We are in the middle of an interesting time and I know there are many lessons we have learnt during lockdown. One of the books I read during this time was “And David perceived that he was King” by Dale Mast. A phrase from the book has stuck with me: “It took faith for David to defeat Goliath BUT taking the throne required identity.” Faith believes what God can do – identity believes what God can do through you.
I admit to not finishing the book yet, but this statement really got me thinking. So many sermons and series deal with the topic of identity – yet for most it seems more of a cliché than a felt truth. Oftentimes, a gap exists between intellectually knowing these truths about who God says we are and living them out. This affects how we see ourselves and respond to life experiences and the ways we allow the world to define us. It’s the crux of our faith; it’s impossible to move into our destiny without it, and it’s the one thing the enemy is committed to stealing.
The Word uses the metaphor ‘roots’ to describe Identity. To be rooted is one of the most basic, and at times, least recognized needs of the human soul. Only when you are rooted, can you grow. So when we understand our Identity in Christ, we become firmly ‘rooted’.
Jeremiah 17:7-8 (NLT) “But blessed are those who trust in the Lord and have made the Lord their hope and confidence. They are like trees planted along a riverbank, with roots that reach deep into the water. Such trees are not bothered by the heat or worried by long months of drought. Their leaves stay green, and they never stop producing fruit.”
What happens during these times of uncertainty, where everything – our health, schooling system and income etc – changes? The very foundation of our identity gets shaken. When you are “rooted” in Christ and His love for you and what He can do in and through you – your identity is grounded, rooted – you can identify and dismiss the lies that want to rob you of your identity. When we think of who we are; the first thing that comes to mind is our identity/status as: “someone who is deeply loved by God.”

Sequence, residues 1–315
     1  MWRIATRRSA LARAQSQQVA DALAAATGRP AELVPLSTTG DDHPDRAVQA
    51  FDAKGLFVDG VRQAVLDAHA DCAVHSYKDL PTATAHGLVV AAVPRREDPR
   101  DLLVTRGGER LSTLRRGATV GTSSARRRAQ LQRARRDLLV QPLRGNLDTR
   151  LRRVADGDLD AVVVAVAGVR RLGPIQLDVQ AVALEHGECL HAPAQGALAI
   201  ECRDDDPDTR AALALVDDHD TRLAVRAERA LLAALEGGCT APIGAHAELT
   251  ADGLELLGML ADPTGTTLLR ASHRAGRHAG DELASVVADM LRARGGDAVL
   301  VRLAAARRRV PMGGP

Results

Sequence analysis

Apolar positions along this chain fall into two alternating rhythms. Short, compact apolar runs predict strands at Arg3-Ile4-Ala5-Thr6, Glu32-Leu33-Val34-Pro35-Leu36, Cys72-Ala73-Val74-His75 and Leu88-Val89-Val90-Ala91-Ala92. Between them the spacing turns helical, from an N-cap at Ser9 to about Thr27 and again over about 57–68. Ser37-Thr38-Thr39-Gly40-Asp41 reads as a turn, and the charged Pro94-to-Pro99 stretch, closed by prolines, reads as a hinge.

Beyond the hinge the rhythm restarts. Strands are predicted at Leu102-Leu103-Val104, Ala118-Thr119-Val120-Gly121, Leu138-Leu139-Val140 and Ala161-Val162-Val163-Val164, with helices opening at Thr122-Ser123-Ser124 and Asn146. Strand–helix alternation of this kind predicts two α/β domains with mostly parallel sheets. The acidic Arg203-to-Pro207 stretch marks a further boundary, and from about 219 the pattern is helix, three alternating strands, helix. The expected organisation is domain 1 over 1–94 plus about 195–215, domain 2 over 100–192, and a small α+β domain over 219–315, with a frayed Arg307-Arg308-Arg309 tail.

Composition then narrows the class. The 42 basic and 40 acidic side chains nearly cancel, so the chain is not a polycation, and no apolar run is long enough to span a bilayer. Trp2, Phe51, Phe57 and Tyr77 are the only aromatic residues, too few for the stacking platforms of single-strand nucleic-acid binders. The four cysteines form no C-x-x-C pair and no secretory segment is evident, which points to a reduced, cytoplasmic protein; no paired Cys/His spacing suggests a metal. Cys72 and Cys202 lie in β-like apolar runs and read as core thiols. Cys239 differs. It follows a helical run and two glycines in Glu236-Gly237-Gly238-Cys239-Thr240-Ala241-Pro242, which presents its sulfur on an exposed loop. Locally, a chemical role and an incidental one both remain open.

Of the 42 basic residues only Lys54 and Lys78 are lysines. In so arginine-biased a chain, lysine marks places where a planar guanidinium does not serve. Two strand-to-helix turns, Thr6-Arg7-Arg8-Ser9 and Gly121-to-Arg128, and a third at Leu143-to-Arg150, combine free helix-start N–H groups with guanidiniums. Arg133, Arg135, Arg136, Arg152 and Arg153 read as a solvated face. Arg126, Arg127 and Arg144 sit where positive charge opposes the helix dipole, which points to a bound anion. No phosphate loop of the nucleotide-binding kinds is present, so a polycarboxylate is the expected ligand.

This lockdown has had that lesson to teach us. When you cannot control your surroundings, your identity can be immovable and bring you immeasurable peace.
This results in gratitude, rather than fear. It’s in this place, like David, we can take hold of the things that are in front of us, the destiny God has planned and prepared for us.
I’m sure during the ‘lockdown’ that a common complaint was that there was nothing you could do. There are many moments in our lives where doing is not an option but waiting the only one.
Certain things get accomplished in action such as faith, bigness of heart and courage, but entirely different – and sometimes more important – things are accomplished when all we can do is wait. Action often makes us quite unaware of our own faults and blind spots. We plough on, dulling our need for adjustment and change by never standing still long enough to actually perceive what that change demands of us.
It’s hard not to lean into action when we live in a world that rewards action above all else. What happens, though, when action gets in the way of who you were really meant to be? It’s easy to lean into the adulation of the crowd “Saul has slain his thousands but David his tens of thousands”. The lockdown has reminded me again that waiting is, many times, an essential component of bringing our inheritance into view…who we were really meant to be.
When Jesus walks out of the water after baptism, you can almost hear the world pause in the writer’s account of the event. In the pause, the heavens are split open and the Father speaks “This is my beloved son in whom I’m well pleased”.
When we wait we become open to the whispers of heaven that remind us who we really are. Use this uncertain time to lean into the lessons God is teaching you. Waiting is key to identity. Waiting is not wasting time – it is a time of gestation, where God works, forming us, shaping us and securing us into the people who can traverse this strange, new world that we are entering.
2 Samuel 5:12 (AMP) “And David perceived that the Lord had established him king over Israel and that He had exalted his kingdom for His people Israel’s sake.”